Excess nitrogen (N) in pasture and feed is excreted by the cow mainly as urea-N in the urine. This urea-N gets converted, firstly by an enzyme and then by soil bacteria into ammonium-N then nitrate-N. This is the form of N preferentially taken up by plant roots, but the problem is that the amount of N returned to the soil in the small areas affected by urine is far greater than the pasture can usually recover. Much of the nitrate-N, which is highly water-soluble, gets leached through the soil by rainfall and irrigation. It finds its way into groundwater, streams, rivers and lakes, where it contributes to weed growth and algal blooms. Nitrate-N in drinking water is a precursor to carcinogens and has been linked with deaths in young children.
If a solution to this problem is not found, dairy farms will either have to reduce stocking rates and farmer incomes, or put considerable capital resources anf ongoing maintenance and management in housing cows in sheds, from where the effluent can be collected and spread evenly over the entire farm. This would represent the end of year-round grazed dairy farming as we know it in New Zealand, and are known for it the world over. So there is a real problem.
PRL directors Geoff Bates and Bert Quin believe that the solution to this problem is provided by Spikey®, the result of two years intensive research and development by the agritech engineer and soil fertility scientist, both of whom have strong business skills as well.
Spikey® is basically a combination of a considerable number of spiked metal wheels on an axle which detect individual fresh cow urine patches (up to several days old) by measuring the surface soil conductivity at very small intervals. It is currently towed across the pasture by quad bike or ute, but ultimately it is intended for this to be done by the small robotised vehicle Mini-ME® currently under development by Pastoral Robotics Ltd. Spikey® detects then sprays any fresh urine patches with a proprietary combination of totally safe products which are already widely in use applied to pastures for other purposes; all have proven to be totally safe environmentally.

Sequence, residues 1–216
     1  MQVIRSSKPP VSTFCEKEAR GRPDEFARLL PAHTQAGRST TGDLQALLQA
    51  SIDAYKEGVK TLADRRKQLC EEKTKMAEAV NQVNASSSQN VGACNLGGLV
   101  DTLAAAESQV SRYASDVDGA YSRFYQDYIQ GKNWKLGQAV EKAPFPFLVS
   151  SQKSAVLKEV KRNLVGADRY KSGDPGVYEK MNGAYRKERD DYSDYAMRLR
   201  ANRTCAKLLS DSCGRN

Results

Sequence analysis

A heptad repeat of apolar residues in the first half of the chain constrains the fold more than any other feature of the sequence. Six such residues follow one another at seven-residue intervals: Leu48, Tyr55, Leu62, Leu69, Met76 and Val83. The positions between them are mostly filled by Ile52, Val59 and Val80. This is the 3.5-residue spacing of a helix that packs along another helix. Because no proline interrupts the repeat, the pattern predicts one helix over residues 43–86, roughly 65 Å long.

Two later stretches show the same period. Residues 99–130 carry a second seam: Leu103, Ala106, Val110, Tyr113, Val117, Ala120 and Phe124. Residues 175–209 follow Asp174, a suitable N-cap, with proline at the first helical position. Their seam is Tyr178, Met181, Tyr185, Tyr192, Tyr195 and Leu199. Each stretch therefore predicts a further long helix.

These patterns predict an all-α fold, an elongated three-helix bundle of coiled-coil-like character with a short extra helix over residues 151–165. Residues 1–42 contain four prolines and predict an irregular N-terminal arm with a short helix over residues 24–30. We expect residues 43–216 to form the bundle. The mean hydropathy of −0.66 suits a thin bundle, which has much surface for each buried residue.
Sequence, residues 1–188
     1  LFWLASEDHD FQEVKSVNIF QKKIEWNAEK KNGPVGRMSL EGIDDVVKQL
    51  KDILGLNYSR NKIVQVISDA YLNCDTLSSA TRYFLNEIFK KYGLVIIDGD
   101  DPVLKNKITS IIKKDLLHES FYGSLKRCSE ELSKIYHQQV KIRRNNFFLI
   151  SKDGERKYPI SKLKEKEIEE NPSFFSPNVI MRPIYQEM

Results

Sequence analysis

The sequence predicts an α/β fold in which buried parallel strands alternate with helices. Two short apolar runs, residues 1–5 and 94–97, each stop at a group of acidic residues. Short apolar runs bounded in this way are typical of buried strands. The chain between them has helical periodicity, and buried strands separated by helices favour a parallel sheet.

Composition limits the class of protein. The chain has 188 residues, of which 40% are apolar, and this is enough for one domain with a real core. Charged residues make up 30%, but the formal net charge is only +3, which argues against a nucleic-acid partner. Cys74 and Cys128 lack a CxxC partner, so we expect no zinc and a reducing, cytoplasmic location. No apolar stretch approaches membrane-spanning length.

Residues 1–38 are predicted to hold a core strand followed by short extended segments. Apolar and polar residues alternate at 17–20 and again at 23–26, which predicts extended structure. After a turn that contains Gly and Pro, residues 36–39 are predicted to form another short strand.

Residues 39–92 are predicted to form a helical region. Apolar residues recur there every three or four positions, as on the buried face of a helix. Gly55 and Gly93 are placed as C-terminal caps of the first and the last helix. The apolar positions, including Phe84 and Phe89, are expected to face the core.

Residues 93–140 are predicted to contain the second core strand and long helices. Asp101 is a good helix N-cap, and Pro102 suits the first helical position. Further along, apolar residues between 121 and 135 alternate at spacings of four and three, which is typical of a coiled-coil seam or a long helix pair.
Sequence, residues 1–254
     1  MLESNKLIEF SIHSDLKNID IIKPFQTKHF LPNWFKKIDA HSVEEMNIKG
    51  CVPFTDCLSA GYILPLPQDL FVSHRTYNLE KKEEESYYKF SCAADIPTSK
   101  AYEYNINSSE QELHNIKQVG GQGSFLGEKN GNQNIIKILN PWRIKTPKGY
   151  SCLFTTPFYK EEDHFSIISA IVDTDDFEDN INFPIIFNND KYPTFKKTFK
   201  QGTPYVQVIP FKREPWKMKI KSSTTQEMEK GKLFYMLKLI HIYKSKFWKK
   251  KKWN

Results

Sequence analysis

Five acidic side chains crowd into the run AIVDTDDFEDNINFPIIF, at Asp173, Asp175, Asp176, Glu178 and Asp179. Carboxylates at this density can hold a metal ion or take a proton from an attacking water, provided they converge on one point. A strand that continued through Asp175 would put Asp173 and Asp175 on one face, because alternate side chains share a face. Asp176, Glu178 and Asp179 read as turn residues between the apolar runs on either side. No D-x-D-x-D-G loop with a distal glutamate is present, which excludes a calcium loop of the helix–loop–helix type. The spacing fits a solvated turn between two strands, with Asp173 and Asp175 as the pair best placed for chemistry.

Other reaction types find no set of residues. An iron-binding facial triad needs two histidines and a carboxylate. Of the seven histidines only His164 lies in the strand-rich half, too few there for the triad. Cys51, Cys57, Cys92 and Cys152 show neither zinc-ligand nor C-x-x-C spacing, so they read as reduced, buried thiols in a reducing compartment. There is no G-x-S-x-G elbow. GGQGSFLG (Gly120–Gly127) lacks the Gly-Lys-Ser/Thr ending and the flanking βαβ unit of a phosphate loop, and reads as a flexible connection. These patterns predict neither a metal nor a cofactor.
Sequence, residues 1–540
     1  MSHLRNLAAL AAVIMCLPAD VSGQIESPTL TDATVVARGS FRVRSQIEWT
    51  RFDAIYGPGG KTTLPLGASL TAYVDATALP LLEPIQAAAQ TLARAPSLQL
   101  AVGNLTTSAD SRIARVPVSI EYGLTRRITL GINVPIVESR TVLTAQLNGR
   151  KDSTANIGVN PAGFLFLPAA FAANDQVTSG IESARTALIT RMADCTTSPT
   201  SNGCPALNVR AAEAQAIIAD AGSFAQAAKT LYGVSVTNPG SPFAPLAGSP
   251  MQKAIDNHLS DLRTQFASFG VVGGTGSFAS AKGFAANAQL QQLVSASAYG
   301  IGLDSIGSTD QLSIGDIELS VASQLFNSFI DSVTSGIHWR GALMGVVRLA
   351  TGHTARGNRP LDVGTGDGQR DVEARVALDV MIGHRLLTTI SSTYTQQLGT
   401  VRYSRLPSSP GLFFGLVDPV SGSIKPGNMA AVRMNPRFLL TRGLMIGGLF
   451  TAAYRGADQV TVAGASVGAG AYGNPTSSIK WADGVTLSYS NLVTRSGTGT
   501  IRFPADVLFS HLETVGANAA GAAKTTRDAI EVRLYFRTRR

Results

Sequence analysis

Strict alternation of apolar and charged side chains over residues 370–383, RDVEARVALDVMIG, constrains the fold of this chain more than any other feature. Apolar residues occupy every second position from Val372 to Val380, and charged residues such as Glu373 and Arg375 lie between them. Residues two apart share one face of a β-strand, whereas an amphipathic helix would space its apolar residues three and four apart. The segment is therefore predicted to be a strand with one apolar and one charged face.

Both technologies had their first on-farm technical demonstrations to an audience of leading nitrogen and the environment researchers on January 23. Both technologies performed right up to the expetations of PRL, and promoted lively discussion. It was agreed than testing of the Spikey® technology in a grazed dairy farm situation where nitrate leaching could be monitored was the ideal next step.
Then, on February 12, Geoff Bates will be presenting their results to an audience of over 200 scientists, advisors, regional council staff and farmers at Massey University’s FLRC Conference.
Dr Quin believes that the net cost of detection and treatment would be very easily negated by combining the technology with switching from granular urea as the main source of fertiliser N to ONEsystem® . This utilises spray technology to wet prilled urea, treated with the urease inhibitor nbpt. Independently-run trials under grazing as shown a massive reduction of 50% in the amount of N required to grow a given amount of extra grass.
Drs Minh-Long (Long) Nguyen and Bert Quin first worked together on soil fertility at the MAF’s Winchmore Irrigation Research Station (now part of AgResearch) in the early 1980s.
Their careers then diverged, although they worked on several projects together over the years. Dr Quin went up the ranks of MAF’s Agricultural Research Division to take the newly-formed position of Chief Scientist for Soil Fertility at Ruakura from 1984-1987. Then, in 1989, Bert set up his own fertiliser company Quinphos Fertilisers (NZ) Ltd. With the financial benefit of the sale of a majority shareholding to Sumitomo Corporation, the reformed Summit-Quinphos (NZ) Ltd had, by the time of Dr Quin’s resignation in 2005, attained 12% of the total New Zealand fertiliser market. The company specialised in RPR and blends, and also introduced the inhibitor-treated granular urea product, SustaiN® . This was an immediate success for the company, increasing urea efficiency by 20-40%. Since Sumitomo’s sale of the company to Ballance Agri-Nutrients in 2010, SustaiN® has become easily Ballance’s most widely promoted product. Dr Quin has since then become involved in a range of innovative projects, both in NZ and Australia. These are described in www.groupone.co.nz.
For his part, Dr Nguyen enjoyed a stellar scientific career with the Agricultural Research Division of MAF, before moving to NIWA to continue soil use and water quality and gaseous emissions for several years. Long was then appointed to the prestigious position of Head, Soil and Water Management and Crop Nutrition Section of the Joint FAO (Food and Agriculture)/IAEA ( International Atomic Energy Agency) Division, based in Vienna. He held this position for 10 years until reaching the IAEA’s obligatory retirement age in late 2014, when he returned to NZ to live. The Joint FAO/IAEA Division specialises in the use of isotopes of nutrients like phosphorus and nitrogen to trace with great precision the fate of these nutrients in agriculture and the environment.
Back together in NZ, the two men quickly found they enjoyed working together as much as always, and decided to set up an international consultancy company Group ONE Consultancy Ltd. This company has a strong focus on fostering international research and training in agriculture and the environment.
With the company only just formed, the two were visited during mid-January by one of China’s foremost agriculture and environment researchers and a good friend of Dr Nguyen, Prof Li Yong . With no business office of their own at that point, Long and Bert were kindly offered facilities at NIWA Hamilton for their meetings. Prof. Li also met with senior research staff at NIWA.